Robinson Crusoe tells Friday the story of his coming to the island and his survival on it. He explains the use of gunpowder, which seems miraculous to Friday. Crusoe tells him of Europe and how the people function there. When Crusoe shows him the remains of his old boat, Friday tells him that some white men came to his homeland in such a boat. Crusoe surmises that these men might be the survivors of the ship that was wrecked on the rock some years previously. Friday explains that the white men and the natives made a treaty.
One day, standing on a high point, Friday points over the ocean toward the mainland and describes it as his country. This desire to see his home causes jealousy to arise in Crusoe’s mind; he believes that, given the chance, Friday would return to his home and return with his fellow countrymen to kill and eat Crusoe. Crusoe is wrong in this, he admits, and he feels badly for mistrusting his friend. He asks Friday if he would like to return home. Friday replies that he would but only if Crusoe goes with him. He assures Crusoe that his kinsmen would not eat Crusoe but would learn to love him as he has done. Crusoe decides to build a new canoe and sail with Friday to the mainland. Friday is upset because he thinks Crusoe is sending him away. Crusoe assures him this is not the case. It is now twenty-seven years since Crusoe came on the island. He expresses his gratitude to God for his provision both of the means of survival and of a friend.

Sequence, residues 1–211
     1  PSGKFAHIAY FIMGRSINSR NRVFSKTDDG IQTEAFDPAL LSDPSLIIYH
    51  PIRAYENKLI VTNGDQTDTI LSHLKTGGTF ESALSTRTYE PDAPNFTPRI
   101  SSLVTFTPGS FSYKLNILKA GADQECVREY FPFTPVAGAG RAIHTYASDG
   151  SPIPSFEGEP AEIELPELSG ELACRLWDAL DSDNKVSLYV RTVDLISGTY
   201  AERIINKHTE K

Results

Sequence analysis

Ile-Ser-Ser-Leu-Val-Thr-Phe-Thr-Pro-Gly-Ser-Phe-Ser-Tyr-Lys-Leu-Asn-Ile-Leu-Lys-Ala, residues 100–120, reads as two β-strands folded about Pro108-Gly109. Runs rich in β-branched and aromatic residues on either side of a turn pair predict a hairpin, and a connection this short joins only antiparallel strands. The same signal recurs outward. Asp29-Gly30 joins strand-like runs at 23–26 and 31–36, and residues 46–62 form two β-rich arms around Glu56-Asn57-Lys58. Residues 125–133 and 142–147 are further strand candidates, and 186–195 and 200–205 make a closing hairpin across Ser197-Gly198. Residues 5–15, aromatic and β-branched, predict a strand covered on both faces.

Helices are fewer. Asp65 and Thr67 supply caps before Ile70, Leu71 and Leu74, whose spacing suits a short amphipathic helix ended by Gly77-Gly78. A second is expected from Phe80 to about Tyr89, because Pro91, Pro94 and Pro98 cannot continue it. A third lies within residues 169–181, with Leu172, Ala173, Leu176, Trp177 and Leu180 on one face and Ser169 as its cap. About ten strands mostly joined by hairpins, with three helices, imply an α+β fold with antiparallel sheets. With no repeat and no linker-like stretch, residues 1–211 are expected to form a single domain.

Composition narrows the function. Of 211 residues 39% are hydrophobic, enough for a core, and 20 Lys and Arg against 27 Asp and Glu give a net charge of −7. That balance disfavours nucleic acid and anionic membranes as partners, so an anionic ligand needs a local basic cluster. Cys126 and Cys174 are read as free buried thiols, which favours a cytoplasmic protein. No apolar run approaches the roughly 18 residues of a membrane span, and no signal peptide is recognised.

As Crusoe endeavors to supply the boat for the journey to the mainland, Friday comes running, crying that there are canoes coming. They rush to see the arrival of large group of cannibals. Crusoe spies a European among the prisoners doomed to be eaten. He and Crusoe fire down on the cannibals, killing several. They manage to free the European and another native victim. At the first opportunity to rest, Crusoe learns that the European is from Spain. He is able to join in the fight as cannibals advance, and in the end Crusoe, Friday, and the Spaniard kill twenty-one. Friday is overjoyed when he discovers that the freed native man is his own father. Because of the tight bindings, neither the Spaniard nor Friday’s father is able to walk far, so they must be carried to Crusoe’s cave. Crusoe and Friday are unable to lift them over the wall, so Crusoe constructs a tent for them and prepares beds for them in their recovery.